In my previous post, Making Music During a Pandemic, I shared how the students I teach at Cudahy Middle School in Cudahy, WI, use technology to hold virtual performances. Today I want to talk about workflow. More specifically, our audio production workflow.
It Starts With a Vision
As with any project, it’s essential to have a vision. Once you have your end goal in mind, you need to create a step-by-step process to obtain it. Each step in the process requires a very specific workflow.
In the school band world, I’ve read many comments describing virtual performance creation as too laborious and too time-consuming an endeavor. This may be true to some extent. However, I have found that using a consistent process and workflow makes it far less daunting than it appears.
Audio Production Workflow
- Video collection and processing
- Audio export
- Audio import and alignment
- Clip processing and editing
- Mixdown and Bounce
Video collection and organization is quite simple in my classroom. Students record themselves using their Chromebooks and an app called Screencastify. They are provided a link to use when recording. When students submit their video, it’s saved directly to a project folder in Google Drive as an mp4 file.
After downloading the videos, I like to batch process them in Apple Compressor. Using a preset I’ve created, all videos are processed so that they have the same settings. This is particularly important if you have videos coming in from a number of different sources, such as various cell phones or video recording devices. Batch processing is not as crucial in my case, as most videos are coming from Screencastify via Chromebooks, but I still prefer to use this step. Processing the videos in a compressor enables my Mac to render the videos much quicker and run much cooler.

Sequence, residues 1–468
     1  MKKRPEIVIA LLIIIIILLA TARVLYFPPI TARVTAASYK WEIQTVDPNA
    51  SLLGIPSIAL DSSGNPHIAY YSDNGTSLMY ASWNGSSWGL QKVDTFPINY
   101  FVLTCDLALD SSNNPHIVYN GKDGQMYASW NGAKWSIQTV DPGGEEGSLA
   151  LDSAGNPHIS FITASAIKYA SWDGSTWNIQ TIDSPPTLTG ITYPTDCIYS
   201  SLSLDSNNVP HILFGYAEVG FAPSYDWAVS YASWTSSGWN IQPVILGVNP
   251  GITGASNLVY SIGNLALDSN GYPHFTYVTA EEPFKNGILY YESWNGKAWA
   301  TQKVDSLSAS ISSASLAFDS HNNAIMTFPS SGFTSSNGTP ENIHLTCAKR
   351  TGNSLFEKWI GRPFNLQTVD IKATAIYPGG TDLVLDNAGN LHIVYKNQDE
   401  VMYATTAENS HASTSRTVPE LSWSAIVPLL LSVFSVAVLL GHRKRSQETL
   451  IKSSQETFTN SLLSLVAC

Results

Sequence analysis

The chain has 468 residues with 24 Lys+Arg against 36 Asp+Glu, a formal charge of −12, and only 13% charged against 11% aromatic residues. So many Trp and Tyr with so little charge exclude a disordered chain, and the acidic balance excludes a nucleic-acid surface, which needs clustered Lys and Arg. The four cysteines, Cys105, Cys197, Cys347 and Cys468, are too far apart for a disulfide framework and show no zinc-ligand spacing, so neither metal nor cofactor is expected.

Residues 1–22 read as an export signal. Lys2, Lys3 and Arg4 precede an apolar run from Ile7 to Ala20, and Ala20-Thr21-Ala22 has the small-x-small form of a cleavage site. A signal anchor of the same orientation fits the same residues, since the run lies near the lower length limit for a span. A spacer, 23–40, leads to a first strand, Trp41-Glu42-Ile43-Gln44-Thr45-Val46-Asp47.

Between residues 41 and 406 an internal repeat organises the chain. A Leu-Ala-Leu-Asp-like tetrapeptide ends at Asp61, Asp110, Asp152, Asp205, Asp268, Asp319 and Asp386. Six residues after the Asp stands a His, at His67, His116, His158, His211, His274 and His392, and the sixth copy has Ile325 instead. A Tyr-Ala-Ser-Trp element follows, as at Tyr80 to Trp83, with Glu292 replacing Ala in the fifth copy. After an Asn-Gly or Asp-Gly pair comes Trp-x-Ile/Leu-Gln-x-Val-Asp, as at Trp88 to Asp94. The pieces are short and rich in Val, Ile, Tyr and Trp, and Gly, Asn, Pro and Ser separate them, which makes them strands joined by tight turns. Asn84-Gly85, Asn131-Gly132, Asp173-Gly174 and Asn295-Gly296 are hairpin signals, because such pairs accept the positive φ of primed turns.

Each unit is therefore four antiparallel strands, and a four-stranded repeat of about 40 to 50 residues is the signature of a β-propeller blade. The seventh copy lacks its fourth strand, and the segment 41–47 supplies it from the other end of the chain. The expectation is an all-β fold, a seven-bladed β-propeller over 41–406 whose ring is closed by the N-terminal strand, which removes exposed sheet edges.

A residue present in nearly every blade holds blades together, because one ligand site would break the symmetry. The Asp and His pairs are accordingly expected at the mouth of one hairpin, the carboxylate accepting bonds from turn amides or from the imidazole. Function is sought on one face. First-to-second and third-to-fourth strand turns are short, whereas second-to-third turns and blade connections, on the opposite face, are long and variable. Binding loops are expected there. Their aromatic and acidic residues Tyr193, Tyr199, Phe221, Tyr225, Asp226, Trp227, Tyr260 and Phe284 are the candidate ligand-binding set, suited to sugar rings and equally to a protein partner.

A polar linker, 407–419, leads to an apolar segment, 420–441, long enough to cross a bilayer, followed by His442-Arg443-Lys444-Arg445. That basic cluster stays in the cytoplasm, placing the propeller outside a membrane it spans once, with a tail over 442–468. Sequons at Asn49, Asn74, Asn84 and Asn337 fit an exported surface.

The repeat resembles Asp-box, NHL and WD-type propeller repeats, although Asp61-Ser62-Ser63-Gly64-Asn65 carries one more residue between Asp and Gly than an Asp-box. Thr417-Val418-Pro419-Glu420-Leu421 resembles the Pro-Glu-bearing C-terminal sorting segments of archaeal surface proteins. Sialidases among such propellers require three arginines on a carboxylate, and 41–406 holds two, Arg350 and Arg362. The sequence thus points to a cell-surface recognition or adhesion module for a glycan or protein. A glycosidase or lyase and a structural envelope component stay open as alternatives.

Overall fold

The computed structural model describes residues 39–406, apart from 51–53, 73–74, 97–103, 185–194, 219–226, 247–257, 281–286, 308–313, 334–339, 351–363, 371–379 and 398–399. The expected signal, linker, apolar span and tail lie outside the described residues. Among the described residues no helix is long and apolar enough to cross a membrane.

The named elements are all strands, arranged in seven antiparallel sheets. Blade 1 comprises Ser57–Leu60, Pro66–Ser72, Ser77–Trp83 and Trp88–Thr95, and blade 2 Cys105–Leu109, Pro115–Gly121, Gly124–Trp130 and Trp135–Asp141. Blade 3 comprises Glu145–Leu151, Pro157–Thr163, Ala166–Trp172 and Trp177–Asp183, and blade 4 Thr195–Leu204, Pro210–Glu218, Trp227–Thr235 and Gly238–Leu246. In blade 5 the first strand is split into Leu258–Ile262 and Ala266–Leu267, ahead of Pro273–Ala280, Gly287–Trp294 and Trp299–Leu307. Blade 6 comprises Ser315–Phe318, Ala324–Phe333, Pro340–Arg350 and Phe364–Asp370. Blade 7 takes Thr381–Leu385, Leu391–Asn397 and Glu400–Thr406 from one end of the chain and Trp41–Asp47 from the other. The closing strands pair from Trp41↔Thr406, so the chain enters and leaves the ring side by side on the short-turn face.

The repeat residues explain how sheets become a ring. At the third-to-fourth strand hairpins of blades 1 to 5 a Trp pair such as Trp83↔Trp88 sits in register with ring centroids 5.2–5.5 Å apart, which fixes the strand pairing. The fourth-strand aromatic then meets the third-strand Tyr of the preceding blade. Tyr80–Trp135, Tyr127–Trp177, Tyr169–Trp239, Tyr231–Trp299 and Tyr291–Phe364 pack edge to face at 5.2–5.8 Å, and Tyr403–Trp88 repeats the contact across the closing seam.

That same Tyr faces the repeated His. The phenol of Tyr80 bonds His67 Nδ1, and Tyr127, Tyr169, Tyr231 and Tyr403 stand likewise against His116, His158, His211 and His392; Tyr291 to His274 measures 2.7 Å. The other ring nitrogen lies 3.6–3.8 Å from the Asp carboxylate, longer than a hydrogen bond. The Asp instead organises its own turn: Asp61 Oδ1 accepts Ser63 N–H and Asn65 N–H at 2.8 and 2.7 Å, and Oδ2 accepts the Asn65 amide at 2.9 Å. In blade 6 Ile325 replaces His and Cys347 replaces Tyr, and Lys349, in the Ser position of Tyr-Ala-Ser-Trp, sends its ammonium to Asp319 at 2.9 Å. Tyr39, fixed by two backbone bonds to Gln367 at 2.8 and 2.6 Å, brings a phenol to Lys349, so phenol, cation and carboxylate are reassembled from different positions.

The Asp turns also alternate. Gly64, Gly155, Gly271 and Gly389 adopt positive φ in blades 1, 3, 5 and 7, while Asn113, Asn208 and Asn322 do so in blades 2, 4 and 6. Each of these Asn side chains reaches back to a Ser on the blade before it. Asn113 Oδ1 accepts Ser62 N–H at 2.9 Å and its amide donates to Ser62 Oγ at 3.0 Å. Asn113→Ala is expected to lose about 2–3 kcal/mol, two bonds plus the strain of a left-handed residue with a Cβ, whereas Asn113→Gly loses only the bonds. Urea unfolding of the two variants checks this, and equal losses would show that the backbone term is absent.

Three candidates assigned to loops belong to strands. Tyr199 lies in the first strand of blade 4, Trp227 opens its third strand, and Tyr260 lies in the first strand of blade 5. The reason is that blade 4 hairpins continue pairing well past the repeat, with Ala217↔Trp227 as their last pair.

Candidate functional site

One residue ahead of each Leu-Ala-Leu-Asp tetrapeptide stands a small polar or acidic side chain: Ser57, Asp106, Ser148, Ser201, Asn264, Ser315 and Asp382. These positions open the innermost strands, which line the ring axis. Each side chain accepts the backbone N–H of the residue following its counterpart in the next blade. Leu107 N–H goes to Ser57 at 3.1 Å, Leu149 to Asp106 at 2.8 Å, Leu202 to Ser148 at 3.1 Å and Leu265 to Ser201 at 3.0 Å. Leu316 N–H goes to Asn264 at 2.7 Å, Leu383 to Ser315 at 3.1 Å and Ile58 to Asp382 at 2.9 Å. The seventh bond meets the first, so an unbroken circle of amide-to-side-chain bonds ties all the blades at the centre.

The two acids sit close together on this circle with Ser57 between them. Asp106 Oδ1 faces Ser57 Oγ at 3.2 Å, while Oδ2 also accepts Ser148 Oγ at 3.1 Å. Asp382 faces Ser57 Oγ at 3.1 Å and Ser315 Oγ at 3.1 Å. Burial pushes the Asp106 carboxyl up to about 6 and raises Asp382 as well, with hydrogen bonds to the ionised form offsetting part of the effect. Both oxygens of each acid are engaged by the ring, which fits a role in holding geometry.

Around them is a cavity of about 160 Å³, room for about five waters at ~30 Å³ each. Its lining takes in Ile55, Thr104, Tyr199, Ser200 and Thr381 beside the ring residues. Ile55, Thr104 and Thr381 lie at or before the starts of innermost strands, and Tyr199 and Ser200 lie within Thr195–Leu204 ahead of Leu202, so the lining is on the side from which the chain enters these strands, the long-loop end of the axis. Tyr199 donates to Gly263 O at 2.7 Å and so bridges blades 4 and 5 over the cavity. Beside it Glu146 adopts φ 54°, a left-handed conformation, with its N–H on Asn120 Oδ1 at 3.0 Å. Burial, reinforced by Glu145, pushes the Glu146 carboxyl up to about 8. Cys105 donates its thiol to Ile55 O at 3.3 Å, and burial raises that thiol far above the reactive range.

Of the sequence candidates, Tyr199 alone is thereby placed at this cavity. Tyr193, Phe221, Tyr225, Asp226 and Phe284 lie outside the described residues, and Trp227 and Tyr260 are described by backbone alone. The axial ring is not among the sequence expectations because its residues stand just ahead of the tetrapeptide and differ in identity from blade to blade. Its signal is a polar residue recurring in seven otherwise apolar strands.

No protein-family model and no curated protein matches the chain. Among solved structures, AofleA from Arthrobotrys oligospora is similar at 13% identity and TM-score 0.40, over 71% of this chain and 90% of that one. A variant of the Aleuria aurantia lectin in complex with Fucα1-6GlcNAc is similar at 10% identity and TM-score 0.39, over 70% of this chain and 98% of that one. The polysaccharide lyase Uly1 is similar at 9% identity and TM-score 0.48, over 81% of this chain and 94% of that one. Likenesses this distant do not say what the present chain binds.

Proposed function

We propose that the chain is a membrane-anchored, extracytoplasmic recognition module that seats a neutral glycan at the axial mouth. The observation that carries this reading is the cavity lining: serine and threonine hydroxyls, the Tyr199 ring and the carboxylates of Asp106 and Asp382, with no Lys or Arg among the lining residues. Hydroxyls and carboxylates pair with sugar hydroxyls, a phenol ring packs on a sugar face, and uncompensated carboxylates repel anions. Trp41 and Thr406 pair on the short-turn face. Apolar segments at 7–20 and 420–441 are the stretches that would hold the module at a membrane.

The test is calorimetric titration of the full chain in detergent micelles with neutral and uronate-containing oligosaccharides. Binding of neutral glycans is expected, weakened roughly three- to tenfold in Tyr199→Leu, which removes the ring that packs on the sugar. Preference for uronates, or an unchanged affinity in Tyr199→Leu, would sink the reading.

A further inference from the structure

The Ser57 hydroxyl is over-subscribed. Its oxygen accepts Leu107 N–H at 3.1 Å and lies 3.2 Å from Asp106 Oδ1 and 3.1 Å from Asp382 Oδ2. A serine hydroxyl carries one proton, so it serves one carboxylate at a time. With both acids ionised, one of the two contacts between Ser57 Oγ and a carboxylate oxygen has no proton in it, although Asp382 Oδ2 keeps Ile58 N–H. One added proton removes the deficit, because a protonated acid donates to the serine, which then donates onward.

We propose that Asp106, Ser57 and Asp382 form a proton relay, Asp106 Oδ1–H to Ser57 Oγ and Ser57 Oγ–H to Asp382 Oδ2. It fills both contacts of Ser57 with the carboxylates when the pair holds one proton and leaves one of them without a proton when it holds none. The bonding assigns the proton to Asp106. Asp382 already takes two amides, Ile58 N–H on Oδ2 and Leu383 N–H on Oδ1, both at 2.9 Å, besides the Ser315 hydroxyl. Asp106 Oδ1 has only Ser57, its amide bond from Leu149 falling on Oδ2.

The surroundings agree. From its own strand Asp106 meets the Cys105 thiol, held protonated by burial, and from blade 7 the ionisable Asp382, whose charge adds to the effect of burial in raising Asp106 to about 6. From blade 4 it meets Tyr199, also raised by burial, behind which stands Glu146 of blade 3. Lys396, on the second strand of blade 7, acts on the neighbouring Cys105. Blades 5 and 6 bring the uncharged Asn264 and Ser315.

Once the videos are all processed, I need to export the audio portion of the video. (In cases where students have recorded in the CEMES studio, I can skip this process, as they recorded their audio directly into Logic.) The easiest and quickest way to accomplish this is with Quicktime, which allows you to export the audio to a .mp4a file. Note: Although you can import the video directly into Logic, the video is then treated differently and not as easy to work with. I also find that organization to be extremely important throughout this process. I’m careful to keep exported audio files in one folder while separating videos that have already had the audio exported into their own folder.
Time to get the audio files into Logic. To conserve time, I start with a Logic Template that I’ve created. This has all the settings that I like to work with built in. The template is programmed with tracks set to the Channel Strip settings that I like to use. These include Channel EQ, Compressor, and sometimes a Gate. Some tracks may require other settings, but this is a good start.
Audio import and alignment
Two things greatly aid the process of lining up the audio clips. The first is the Sync Tones that were built into the reference track. The image below shows how the sound wave created by the Sync Tone makes it really easy to get things lined up. The second is disabling “Snap To Grid” in the Snap menu. With a little practice, you can get pretty quick at lining things up by soloing tracks and looking closely at the wave file shapes.